Schwartz v. Schwartz

Annotate this Case

812 P.2d 1268 (1991)

Laura SCHWARTZ, Appellant, v. Christopher SCHWARTZ, Respondent.

No. 21010.

Supreme Court of Nevada.

June 6, 1991.

*1269 Cherry & Bailus, Las Vegas, for appellant.

Joseph W. Houston, II, Las Vegas, for respondent.

OPINION

PER CURIAM:

Appellant Laura Schwartz appeals the granting of respondent Christopher Schwartz' motion in a divorce proceeding to allow the custodial father to move with the couple's two small children to Pottsville, Pennsylvania, where Christopher's mother and family are located. After a two-day trial, the district court granted Christopher's motion and incorporated its ruling into the final divorce decree.

Facts

Laura and Christopher were married on November 20, 1981. In 1988, serious marital problems developed between the couple. As a result, Laura was twice hospitalized for depression; she also attempted suicide with an overdose of antidepressants. Christopher filed for divorce in November of 1988. At that time, he was awarded *1270 primary custody of their children, Debra and William ("Billy").

Prior to the time Christopher filed for divorce, Laura remained in the couple's Las Vegas home, caring for the two children. Christopher had been employed for three years as a casino floorman where he earned an annual salary of $35,000. After the divorce, it appears that Laura worked as a cocktail waitress where she earned a minimum wage plus tips.

On three separate occasions during the course of custody proceedings, Laura accused Christopher or, equivocatingly, the husband of a babysitter, of sexually abusing Billy. As a result, Billy was placed in protective custody and numerous interviews by therapists and physicians followed. On the third round of accusations, state officials ordered lie detector tests. The parties stipulated that the test results could be used in court. Christopher's test showed no deception.[1] The polygraph examiner's evaluation of Laura's test indicated deception. The juvenile court subsequently found that Laura had lied in her reports of child abuse. As a result of these false allegations, the domestic relations referee recommended that Laura have supervised visitation rights.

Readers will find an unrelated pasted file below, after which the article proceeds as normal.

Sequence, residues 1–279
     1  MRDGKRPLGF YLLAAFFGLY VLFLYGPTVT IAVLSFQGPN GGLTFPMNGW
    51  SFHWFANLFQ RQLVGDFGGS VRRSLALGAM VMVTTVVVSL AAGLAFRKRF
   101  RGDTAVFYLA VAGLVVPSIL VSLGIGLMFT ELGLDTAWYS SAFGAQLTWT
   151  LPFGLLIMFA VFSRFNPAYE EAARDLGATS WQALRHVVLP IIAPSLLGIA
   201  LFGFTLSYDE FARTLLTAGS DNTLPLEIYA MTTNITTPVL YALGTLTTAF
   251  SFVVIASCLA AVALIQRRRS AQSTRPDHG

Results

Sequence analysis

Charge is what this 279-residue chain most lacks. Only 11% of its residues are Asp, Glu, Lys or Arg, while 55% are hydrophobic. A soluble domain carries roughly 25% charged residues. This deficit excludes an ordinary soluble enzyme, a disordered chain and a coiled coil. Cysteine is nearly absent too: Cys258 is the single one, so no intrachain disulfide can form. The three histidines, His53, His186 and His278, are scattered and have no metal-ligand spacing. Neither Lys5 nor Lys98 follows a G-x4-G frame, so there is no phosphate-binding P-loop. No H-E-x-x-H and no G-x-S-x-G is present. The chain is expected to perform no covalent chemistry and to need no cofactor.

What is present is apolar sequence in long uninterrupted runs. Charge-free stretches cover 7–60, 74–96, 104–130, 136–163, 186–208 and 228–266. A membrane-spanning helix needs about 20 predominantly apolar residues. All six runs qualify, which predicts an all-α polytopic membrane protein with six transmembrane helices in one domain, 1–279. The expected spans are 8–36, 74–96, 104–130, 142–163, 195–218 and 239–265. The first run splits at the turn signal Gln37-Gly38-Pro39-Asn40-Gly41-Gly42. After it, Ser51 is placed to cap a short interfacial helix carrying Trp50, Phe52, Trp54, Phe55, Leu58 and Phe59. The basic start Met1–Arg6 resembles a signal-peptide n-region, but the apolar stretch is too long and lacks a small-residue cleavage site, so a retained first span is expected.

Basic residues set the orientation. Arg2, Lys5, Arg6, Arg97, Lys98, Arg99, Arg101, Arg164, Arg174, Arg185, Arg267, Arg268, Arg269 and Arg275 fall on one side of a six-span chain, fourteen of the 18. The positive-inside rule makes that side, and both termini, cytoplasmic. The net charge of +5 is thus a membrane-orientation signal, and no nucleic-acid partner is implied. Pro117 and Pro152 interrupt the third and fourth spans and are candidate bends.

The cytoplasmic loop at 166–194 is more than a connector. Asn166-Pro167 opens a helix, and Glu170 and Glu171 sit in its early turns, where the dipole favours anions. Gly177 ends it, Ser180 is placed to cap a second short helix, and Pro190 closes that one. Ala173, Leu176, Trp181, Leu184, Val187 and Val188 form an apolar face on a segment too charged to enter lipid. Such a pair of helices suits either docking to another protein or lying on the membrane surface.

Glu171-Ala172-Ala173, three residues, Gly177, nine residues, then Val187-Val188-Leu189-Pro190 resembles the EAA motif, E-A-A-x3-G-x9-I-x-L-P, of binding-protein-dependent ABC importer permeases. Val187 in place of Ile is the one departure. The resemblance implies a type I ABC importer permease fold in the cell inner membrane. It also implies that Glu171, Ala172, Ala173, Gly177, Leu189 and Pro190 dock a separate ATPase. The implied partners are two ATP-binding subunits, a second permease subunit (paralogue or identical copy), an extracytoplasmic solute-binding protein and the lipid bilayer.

In support of his motion for authorization to remove the children from this jurisdiction, Christopher stated that his mother owns a four-bedroom house in Pennsylvania which would accommodate a bedroom for each child. The grandmother, who is seventy-three years old, has an established relationship with the children. Christopher also testified that his mother is one of eleven children and that there would be an extended family of aunts and uncles within driving or walking distance in the event of a family emergency. In addition, Christopher is an only child and expects to some day inherit his mother's home.

Legal Discussion

In this appeal, we are asked in a case of first impression to interpret NRS 125 A. 350, Nevada's "anti-removal" statute.[2] The overall purpose of such a statute is to preserve the rights and familial relationship of the noncustodial parent with respect to his or her child. See Holder v. Polanski, 111 N.J. 344, 544 A.2d 852, 855 (1988) (citations omitted). As one court has stated, "it is `in the best interests of a child to have a healthy and close relationship with both parents, as well as other family members.'" In re Marriage of Kutinac, 182 Ill. App.3d 377, 131 Ill.Dec. 487, 490, 538 N.E.2d 862, 865 (1989) (citing In re Marriage of Eckert, 119 Ill. 2d 316, 116 Ill.Dec. 220, 224, 518 N.E.2d 1041, 1045 (1988)). The proper calculus involves a balancing between "the custodial parent's interest in freedom of movement as qualified by his or her custodial obligation, the State's interest in protecting the best interests of the child, and the competing interests of the noncustodial parent." Holder, 544 A.2d at 855.